This is based on the data of an average petrol station by a national study of a big engineering company. For stations with annex restaurant and to select the adequate purification unit, buffer possibilities and installation capacity is to be calculated according to the water consumption.
3a. Buffer tank.
The concrete buffer tank consists of four compartments, separated from one another by specially designed partitions allowing solid parts to settle and floating film ( including oil) to be retained in the tank. Given a total content of 25 and 31m3, the patented operation method allows for 20 to 25 m3 respectively to be used as a variable buffer to cope with large differences of supply, and without causing turbulence in the first compartment where most of the materials are settling. The settled sludge will be mineralized by means of an anaerobic decomposition process into an odorless end produce which can be marketed as manure. The buffer can absorb the supply of effluent of several days. The performance of the buffer tank for the biologically decomposable components B.O.D., C.O.D. and N-Kj is around 30%.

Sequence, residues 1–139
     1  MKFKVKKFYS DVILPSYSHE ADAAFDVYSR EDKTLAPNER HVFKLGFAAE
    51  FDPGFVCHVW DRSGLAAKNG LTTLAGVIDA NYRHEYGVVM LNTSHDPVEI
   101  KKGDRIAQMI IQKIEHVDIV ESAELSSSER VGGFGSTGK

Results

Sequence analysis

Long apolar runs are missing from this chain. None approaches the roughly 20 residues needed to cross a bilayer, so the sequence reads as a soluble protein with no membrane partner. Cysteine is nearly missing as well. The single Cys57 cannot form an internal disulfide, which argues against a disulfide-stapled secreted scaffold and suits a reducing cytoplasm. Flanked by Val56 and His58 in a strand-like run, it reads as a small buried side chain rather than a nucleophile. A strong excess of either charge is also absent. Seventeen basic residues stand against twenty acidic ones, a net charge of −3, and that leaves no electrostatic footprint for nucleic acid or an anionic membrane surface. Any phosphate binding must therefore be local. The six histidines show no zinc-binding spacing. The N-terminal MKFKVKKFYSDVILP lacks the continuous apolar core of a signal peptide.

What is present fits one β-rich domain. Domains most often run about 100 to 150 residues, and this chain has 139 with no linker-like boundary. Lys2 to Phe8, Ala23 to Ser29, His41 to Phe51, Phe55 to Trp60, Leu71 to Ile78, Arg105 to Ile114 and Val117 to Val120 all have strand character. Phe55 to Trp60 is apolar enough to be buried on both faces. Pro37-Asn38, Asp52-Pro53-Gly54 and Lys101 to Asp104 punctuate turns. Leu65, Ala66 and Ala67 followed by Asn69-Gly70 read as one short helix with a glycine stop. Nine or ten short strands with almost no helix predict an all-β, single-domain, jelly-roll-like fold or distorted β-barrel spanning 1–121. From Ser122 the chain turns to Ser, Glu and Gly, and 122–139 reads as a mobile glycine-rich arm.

An immersion pump is attached in the last compartment of the buffer tank, which is driven by a floating switch of the biorotor. The effluent is pumped into a dose measuring cistern preceding the biorotor. By means of specially designed dose measuring bins, mounted on the rotating axis, a constant and equal quantity of effluent is dosed in the first rotor compartment where the larger portion of B.O.D. is decomposed by micro-organisms attached to the gasket in the rotating basket. Within a short time they absorb the residue and transform it into new bacteriological material. Not all B.O.D.'s are decomposition will take place in the second stage again lowering the B.O.D. pollution level. After the B.O.D. have disappeared another process, called nitrification, takes place in the third rotor. Nitrating bacteria transform nitrogen into nitrite and subsequently into nitrate. This process takes place in the fourth rotor.